Lotus Pose is a very strong and powerful yoga pose, but it can be hard to do if you’re just starting out.
Lotus Pose requires a lot of balance and core strength because you need to keep your body upright while also wrapping the legs around each other in an intricate way. Lotus has many benefits for both mind and body, so don’t worry about taking your time! In this blog post we will discuss how to do Lotus pose properly, as well as why it’s so important.
Toward the end of this blog post we will cover Lotus Pose benefits and how Lotus can help you in your yoga journey.
Doing Padmasana or lotus pose requires patience and time to get right. If something feels off in your knees, ankles or hips then just take a break from Lotus Pose to give your body time to adjust, always being mindful to protect your joints. It takes a lot of energy and focus to get Lotus right so it’s okay if it doesn’t happen all in one day – keep at it!
Lotus is great for both the mind and body because you can increase flexibility by allowing more blood flow throughout your joints which will help with pain management after long periods of sitting down during meditation practices.
1. You may want to position a blanket under your sit bones to prepare for Lotus.
2. From Staff Pose, bend your right knee and use your hands to bring the right ankle to the left hip crease with the sole of the right foot facing upward. Settle the foot in the hip crease.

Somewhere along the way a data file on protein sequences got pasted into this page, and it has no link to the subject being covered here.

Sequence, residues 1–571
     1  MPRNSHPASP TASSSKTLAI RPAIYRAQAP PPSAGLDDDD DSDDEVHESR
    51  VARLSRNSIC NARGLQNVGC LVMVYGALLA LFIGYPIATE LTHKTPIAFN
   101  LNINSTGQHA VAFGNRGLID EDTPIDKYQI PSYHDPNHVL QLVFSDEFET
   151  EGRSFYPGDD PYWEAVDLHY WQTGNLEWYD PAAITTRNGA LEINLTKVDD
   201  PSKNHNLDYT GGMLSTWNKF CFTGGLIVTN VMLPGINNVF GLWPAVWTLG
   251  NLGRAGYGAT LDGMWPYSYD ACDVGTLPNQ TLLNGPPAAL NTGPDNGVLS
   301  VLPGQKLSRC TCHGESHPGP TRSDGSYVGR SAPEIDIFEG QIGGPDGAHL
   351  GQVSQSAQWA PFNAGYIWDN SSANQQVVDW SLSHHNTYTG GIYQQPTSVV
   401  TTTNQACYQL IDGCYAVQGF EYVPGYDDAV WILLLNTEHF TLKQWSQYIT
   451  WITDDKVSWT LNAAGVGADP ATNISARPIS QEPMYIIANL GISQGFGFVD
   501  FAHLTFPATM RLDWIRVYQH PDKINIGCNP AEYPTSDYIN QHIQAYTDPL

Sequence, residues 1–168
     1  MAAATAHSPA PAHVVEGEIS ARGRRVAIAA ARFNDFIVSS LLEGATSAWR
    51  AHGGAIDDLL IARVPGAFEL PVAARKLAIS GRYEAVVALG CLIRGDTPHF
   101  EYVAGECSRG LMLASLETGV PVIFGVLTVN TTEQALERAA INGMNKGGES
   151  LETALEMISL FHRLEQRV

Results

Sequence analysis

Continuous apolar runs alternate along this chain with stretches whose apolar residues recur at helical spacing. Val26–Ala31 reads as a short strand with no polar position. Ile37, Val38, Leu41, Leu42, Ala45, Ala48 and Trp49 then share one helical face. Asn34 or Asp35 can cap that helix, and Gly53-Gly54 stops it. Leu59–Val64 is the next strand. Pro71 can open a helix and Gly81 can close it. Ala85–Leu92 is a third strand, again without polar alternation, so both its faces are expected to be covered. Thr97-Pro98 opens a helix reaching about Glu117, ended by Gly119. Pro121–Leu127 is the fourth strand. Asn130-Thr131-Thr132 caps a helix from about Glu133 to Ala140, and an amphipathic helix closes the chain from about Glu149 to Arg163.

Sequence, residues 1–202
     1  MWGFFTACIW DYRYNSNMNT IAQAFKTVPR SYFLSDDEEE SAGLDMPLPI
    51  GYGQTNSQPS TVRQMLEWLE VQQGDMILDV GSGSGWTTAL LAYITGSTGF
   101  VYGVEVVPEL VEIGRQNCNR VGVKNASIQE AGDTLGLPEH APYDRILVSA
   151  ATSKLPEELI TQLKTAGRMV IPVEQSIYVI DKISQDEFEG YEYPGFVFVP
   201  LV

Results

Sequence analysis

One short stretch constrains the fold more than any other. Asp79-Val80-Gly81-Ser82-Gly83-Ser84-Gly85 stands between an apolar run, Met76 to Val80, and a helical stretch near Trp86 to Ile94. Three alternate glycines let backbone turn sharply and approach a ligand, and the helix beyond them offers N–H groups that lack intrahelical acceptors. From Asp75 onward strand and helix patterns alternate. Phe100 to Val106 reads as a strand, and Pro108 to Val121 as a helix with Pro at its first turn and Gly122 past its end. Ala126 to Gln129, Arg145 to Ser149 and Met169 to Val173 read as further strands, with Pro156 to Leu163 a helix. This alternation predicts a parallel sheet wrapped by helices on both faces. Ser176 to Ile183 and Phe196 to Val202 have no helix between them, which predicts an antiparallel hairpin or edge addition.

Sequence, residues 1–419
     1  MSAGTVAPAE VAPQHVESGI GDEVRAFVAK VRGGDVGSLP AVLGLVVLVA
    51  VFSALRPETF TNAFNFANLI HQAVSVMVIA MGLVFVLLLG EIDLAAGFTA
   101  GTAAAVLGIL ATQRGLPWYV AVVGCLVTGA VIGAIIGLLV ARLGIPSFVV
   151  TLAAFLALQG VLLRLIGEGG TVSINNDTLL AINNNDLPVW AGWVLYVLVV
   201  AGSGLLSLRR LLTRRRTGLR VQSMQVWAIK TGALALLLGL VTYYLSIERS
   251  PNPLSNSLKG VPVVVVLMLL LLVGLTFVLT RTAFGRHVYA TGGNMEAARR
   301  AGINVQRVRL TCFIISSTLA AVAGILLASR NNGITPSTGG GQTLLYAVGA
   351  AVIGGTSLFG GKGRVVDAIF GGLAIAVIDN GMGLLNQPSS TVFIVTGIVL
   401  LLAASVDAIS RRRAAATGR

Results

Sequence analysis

3. Bend your left knee and use your hands to cross the left ankle over to the right hip crease with the sole of the left foot facing up.
4. Sit up tall with a long spine and your shoulders moving away from your ears. Place hands on thighs, palms facing up with shoulders drawing back and down. Actively lengthen the crown of your head upwards.
5. Relax your knees toward the floor.
6. After 10 to 20 breaths, release the legs and repeat the posture with your left foot on the bottom and your right foot on top.
1. Not Having Enough Hip Flexibility
2. To be able to enter whole Lotus, the legs must be able to externally rotate away from the pelvis. The strain will not be relieved by forcing the legs into place; instead, it will be transferred to the knee joint, which is more prone to injury.
3. If flexibility is an issue, raising the seat by sitting up on a blanket does help to position the hips, but it won’t create enough flexibility if it isn’t there in the first place. To get to full Lotus from Half Lotus and other hip-opening exercises, instead, you’ll need to work your way up.
4. Thinking It’s Essential for Meditation. Despite the prevailing idea that Lotus is the preferred pose for meditation, that practice really doesn’t depend entirely on the position in which you sit as long as it is comfortable.
Alternatives include Half Lotus, Hero Pose, or Easy Pose. You can even meditate while sitting in a chair if that’s the position that encourages ease in the body.